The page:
Rarely do airlines brag about their safety record. But last month at a tourism event in Sydney, Jo Boundy, chief marketing officer for Qantas, said many people regard the Australian airline as the safest in the world.
The Perth-based organisation said: “Australia’s Qantas has been recognised by the British Advertising Standards Association [sic] in a test case as the world’s most experienced airline.”
That title was established in a big row that took place 13 years ago. In 2008, a Qantas ad asserted that it was “the world’s most experienced airline” because it had “flown continuously for over 87 years”.
“That’s longer than any other airline and it shows in our customer service and operational excellence,” was the Qantas interpretation.
Several people complained to the Advertising Standards Authority (not “Association”) that Qantas wasn’t the oldest carrier.
But M&C Saatchi, the Australian airline’s ad agency, had done its homework.
Qantas was launched on 16 November 1920; you might recall the muted centenary celebrations a few months ago.
The Dutch airline KLM was founded a year earlier. But it stopped flying for three months in the first Second World War summer of 1940. The key term in the ad is “flown continuously”.
One complainant was closer to the nub of the matter. “He believed experience should be measured in ‘flight hours’,” reports the authority. But the objection was dismissed: “Because the ad made clear the basis of the claim ‘most experienced airline’ we concluded it was not misleading.”
Does experience equal unparalleled safety? Many people seem be sticking with the Dustin Hoffman version of aviation history.
“Qantas never crashed,” his character Raymond Babbitt said in the 1988 film Rain Man.
The question: “Which of these do you believe to be the safest airline in terms of passengers flown without a fatal accident?”
Qantas gained 1,152 votes, well ahead of British Airways in second place on 951.
Yet as the record of tragedy shows, both carriers have suffered fatal accidents.
Australia’s national airline has had a phenomenally good record since 1951: seven straight decades of impeccable safety. But sadly, like many 20th-century carriers, it suffered a number of fatal crashes before that.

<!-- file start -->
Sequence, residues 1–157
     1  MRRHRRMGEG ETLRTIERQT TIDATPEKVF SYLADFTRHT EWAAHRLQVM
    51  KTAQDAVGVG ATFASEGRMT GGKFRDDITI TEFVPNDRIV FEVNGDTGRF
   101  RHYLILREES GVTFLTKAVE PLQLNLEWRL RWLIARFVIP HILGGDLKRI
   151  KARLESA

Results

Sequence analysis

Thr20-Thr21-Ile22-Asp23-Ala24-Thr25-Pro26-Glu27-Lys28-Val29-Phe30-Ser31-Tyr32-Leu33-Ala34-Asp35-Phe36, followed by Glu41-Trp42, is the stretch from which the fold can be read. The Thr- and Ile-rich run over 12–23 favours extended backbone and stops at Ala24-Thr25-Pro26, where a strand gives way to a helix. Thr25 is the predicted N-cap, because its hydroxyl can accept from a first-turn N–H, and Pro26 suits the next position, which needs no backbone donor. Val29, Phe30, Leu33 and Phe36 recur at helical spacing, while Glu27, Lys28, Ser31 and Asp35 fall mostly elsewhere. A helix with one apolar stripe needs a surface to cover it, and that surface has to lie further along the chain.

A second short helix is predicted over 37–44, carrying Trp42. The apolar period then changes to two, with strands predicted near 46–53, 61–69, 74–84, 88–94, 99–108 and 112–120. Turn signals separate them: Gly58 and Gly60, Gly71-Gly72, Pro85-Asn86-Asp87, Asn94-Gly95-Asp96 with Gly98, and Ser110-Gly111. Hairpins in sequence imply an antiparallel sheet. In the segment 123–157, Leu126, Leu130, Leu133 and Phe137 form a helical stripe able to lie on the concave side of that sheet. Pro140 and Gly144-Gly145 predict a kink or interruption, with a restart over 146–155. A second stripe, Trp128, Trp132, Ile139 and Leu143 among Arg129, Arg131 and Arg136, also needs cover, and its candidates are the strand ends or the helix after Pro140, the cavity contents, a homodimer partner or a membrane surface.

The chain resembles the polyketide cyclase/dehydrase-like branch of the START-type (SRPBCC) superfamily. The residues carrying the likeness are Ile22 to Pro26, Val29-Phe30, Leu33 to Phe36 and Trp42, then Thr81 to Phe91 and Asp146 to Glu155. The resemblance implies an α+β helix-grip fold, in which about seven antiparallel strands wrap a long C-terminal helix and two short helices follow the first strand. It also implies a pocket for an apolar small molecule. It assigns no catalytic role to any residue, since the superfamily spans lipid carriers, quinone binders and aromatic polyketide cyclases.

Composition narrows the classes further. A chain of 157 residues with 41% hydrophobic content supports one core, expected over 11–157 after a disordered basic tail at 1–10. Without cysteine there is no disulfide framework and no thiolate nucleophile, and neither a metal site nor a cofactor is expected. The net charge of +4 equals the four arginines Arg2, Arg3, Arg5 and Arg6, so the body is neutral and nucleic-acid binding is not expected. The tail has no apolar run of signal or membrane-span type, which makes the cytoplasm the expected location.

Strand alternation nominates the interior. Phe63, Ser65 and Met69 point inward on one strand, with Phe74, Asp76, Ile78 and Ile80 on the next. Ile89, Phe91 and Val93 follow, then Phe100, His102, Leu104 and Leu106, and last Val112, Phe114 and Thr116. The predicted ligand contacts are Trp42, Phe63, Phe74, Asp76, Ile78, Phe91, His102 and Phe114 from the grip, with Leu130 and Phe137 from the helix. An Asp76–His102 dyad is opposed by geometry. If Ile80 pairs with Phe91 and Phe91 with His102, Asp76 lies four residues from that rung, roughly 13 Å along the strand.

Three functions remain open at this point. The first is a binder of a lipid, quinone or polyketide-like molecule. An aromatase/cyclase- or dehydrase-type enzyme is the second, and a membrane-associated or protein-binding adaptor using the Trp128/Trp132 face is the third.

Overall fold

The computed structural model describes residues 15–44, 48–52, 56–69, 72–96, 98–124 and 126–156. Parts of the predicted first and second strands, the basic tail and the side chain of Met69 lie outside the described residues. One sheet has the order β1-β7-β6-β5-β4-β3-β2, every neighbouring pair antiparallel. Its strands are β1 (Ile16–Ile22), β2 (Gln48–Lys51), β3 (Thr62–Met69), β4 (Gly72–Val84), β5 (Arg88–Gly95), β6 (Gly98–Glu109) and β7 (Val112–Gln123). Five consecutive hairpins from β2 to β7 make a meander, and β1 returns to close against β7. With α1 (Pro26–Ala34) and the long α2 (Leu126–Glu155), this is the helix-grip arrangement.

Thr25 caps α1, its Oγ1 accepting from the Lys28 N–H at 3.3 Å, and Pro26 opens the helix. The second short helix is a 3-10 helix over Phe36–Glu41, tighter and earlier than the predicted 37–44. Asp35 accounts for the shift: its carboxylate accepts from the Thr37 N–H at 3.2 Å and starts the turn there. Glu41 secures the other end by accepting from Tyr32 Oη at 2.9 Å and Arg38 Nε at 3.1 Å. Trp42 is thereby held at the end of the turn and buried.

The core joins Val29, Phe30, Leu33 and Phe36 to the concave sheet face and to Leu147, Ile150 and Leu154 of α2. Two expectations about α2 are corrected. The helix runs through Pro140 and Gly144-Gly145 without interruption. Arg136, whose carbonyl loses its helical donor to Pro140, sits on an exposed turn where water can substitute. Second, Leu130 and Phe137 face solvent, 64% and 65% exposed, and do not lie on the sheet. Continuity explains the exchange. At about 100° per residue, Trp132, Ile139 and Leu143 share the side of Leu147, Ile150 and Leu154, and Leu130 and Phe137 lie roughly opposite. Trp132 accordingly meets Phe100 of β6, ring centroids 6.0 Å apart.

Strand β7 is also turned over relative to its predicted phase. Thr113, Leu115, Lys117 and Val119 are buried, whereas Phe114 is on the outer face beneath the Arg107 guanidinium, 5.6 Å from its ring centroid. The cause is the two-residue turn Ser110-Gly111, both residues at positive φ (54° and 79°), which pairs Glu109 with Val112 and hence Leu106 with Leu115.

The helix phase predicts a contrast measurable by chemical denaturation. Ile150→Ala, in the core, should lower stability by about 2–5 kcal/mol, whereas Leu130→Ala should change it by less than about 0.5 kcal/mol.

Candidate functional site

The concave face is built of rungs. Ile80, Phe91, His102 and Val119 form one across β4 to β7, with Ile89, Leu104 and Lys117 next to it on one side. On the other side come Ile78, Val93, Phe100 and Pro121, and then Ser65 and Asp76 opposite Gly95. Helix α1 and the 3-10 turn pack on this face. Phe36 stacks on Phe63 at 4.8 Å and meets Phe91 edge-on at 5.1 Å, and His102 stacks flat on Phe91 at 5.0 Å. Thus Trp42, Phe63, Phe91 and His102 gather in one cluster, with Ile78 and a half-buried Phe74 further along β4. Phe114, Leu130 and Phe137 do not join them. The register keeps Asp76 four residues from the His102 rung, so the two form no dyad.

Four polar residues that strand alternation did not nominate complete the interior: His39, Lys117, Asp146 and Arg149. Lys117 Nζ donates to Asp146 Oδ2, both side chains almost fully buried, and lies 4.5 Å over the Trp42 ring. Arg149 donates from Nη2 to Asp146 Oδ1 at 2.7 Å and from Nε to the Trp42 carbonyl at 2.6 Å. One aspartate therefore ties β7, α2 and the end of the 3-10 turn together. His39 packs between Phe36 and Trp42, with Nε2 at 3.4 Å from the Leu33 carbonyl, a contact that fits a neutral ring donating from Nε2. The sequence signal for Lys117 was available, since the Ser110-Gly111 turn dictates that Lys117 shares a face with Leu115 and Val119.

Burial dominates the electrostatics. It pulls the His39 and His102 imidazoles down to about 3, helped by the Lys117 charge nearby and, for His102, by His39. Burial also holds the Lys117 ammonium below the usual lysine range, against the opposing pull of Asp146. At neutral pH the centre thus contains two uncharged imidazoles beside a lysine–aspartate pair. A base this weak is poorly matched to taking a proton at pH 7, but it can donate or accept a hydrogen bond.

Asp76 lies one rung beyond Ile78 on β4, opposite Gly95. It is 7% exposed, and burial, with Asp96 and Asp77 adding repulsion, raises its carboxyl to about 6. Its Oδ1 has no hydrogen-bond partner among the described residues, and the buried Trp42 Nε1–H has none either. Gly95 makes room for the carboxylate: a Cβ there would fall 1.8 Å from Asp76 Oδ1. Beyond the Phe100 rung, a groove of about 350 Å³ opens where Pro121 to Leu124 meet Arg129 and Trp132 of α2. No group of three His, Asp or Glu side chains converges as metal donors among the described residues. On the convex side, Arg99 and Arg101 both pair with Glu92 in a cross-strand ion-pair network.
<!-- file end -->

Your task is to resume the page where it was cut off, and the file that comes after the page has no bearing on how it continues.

British Airways, too, has flown hundreds of millions of passengers safely for 35 years.
But since its creation in 1974 from the merger of European and long-haul carriers, BEA and BOAC, BA has sadly suffered two fatal accidents: a mid-air crash over Yugoslavia in 1976 and the Manchester disaster when an engine failed on charter flight departing for Corfu and started a fire in which 55 people died. That tragedy brought about many safety improvements that have undoubtedly saved lives since then.
In third place in the Twitter poll, with 852 votes, is easyJet – one of the thankfully many airlines (including Jet2, Virgin Atlantic and Wizz Air) that have a fatality-free record.
Britain’s biggest budget airline is actually the second-safest carrier in the world, having flown around 900 million passengers safely during its 25-year career.
Last place, with 833 votes, is occupied by Ryanair. This may not surprise you, since the Irish giant is accustomed to being a regular at the foot of the table for a whole range of surveys on a whole range of issues.
In this case, though, it is indisputable that Ryanair should be in first place, having carried 1.4 billion passengers in 35 years of safe flying – far more than any other carrier.
None of which seems to matter to AirlineRatings.com – which finds room for British Airways, Virgin Atlantic and many more in its top 20, but neither easyJet nor Ryanair make the grade.
Qantas and British Airways have outstanding safety records. The two budget airlines have the benefit of relative youth as well as formidable professionalism. And all are credits to an industry that gets safety right, time after time.